Why I Hate The Holidays
Don’t you love all that warm and fuzzy family propaganda we are besieged with on all sides this time of year? You know, the stereotypical family around the table (with a few blacks or Asians or even gay marrieds – or maybe a transgendered aunt, huh? – to be politically correct), carving the turkey or ham or trimming the tree, all to push that stuffing, the latest iphone, xbox, or luxury car.
Why all that warm and fuzzy stuff bothers at least me is because it reminds me of the days when the holidays were exactly that. Sort of. When all the aunts and uncles and grandparents were still alive and around the holiday table, getting drunk on scotch or cheap wine or brandy. For many years, my sister and I were the only kids in the family, so we got special treatment, especially around Christmas.
I did my master’s degree at the University of California in L.A. and was perplexed how, around the holidays, all the North Eastern traditions, not Latin American since we were so close to the border immersed in balmy weather, dominated the season. I felt the same way when I came down to South Florida to find Christmas trees under tents so they wouldn’t dry up under the 80 degree sun. But now I realize why – people want to return to the Christamases of their youths and for so many of us the East Coast or Snowbelt was home.
But after some moments of bittersweet nostalgia, the other, less pleasant memories of those idyllic days rush back into my mind, and suddenly my mythical holidays vanish. First, my sister and I were programmed to act like toy soldiers and never speak unless spoken to. And every time we’d go to visit my grandmother on my mother’s side, Mom’s slightly bent younger sister would jokingly coax grandma’s two boxers to “sic ‘em, sic ‘em!” Meaning us.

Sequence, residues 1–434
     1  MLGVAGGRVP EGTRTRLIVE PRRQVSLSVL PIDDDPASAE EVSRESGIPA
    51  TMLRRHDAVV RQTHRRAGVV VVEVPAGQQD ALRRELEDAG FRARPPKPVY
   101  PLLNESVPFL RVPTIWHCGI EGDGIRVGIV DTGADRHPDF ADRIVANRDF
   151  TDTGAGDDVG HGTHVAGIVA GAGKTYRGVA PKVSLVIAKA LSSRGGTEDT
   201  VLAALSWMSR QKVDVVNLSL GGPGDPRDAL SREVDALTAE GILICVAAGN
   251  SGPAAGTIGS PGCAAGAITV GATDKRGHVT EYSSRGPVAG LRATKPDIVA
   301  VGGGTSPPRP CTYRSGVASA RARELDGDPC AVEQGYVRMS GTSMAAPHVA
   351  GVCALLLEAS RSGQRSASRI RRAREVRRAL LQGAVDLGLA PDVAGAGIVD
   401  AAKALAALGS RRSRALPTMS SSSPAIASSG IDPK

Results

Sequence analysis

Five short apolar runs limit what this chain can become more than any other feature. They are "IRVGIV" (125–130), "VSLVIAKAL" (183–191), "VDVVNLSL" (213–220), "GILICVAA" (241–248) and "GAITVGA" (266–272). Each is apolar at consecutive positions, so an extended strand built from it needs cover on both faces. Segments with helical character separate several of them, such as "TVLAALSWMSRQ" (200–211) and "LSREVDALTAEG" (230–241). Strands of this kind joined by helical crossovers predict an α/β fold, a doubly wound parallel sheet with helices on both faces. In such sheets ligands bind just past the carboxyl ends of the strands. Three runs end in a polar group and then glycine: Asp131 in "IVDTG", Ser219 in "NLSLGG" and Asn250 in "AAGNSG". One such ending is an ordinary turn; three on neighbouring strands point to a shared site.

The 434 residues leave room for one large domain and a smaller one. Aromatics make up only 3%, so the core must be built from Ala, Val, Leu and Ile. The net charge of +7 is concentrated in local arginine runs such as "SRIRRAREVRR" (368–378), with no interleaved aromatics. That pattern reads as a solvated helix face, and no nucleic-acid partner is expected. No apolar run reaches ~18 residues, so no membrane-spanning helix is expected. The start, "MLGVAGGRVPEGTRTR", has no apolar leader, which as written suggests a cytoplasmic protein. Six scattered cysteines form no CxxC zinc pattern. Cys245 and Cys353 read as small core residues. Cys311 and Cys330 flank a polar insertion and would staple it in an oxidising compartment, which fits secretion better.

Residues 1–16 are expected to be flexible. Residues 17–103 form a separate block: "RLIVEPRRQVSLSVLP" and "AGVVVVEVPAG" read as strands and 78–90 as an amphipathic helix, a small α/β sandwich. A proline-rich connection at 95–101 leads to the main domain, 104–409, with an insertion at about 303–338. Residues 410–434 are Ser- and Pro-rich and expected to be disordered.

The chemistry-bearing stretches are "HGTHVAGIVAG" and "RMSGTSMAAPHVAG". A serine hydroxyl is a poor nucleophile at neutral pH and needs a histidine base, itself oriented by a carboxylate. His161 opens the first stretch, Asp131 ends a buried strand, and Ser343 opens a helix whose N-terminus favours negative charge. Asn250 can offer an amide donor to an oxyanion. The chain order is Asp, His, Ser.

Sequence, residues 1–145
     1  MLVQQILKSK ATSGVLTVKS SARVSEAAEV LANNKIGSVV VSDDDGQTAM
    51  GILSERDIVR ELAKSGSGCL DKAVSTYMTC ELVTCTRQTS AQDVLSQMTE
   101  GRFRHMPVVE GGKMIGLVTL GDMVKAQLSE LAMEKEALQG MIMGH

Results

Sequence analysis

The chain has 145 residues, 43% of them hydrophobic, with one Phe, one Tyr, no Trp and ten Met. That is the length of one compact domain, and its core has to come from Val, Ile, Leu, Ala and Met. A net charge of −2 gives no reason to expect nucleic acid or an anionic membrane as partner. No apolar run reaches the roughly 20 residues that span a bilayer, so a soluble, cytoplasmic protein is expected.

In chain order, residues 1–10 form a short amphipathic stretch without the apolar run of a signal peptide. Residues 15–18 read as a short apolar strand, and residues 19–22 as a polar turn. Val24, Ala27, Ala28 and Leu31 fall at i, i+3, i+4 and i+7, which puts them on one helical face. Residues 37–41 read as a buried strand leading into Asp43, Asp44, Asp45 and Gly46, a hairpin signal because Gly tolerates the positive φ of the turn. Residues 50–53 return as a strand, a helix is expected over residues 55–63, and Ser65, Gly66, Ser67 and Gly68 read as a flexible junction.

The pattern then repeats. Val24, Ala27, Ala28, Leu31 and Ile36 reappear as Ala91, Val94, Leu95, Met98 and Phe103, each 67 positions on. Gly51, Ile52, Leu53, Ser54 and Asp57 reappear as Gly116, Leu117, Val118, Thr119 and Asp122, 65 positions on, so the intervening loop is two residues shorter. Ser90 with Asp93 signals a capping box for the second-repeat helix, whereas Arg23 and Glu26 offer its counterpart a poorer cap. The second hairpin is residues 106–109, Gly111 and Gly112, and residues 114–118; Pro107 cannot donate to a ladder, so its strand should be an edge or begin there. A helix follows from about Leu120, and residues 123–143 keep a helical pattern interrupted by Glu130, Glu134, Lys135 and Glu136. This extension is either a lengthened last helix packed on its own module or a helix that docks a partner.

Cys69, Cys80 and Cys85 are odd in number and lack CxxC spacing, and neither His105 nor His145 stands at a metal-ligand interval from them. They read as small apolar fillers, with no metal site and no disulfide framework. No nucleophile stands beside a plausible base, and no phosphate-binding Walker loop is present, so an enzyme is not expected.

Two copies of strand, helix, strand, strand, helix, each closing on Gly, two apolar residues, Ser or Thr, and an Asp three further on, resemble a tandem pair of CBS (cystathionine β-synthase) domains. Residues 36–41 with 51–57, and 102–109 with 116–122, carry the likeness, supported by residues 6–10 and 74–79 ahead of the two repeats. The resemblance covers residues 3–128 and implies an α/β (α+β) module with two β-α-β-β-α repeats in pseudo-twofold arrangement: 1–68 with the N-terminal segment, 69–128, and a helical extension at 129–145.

Worse, living with my psychiatrically unstable mother, gone now a full decade, who usually hosted the holiday family shindigs, was like constantly walking on egg shells. We’d all be at the dining room table, my sainted father making nice with everyone, when Mom’s sister would suddenly throw out a dagger of a remark intentionally to edge Moms on. Bingo! I’m surprised one year the turkey or ham didn’t end up on the carpet.
Well, everyone’s dead and buried, and my sister’s back in New York with her hubby, grown kids and grand kids, and George and I have split so he won’t be down for the holidays either. Instead he’ll be all warm and cozy up at our home in PA that I still pay half the mortgage on. (Yes, he got the better end of the deal.) And he always has his adult nephew just across the border in Upstate New York who most likely will invite him over.
Me? I’m going out with my neighbor and her mother to a Kosher diner, definitely a first for me on Thanksgiving. I told her I’m already an Honorary Jew since my mother grew up in a Jewish neighborhood and it definitely rubbed off on me.
Wonder if my goy (Yiddish for Christian) dogs will eat any leftovers I bring home?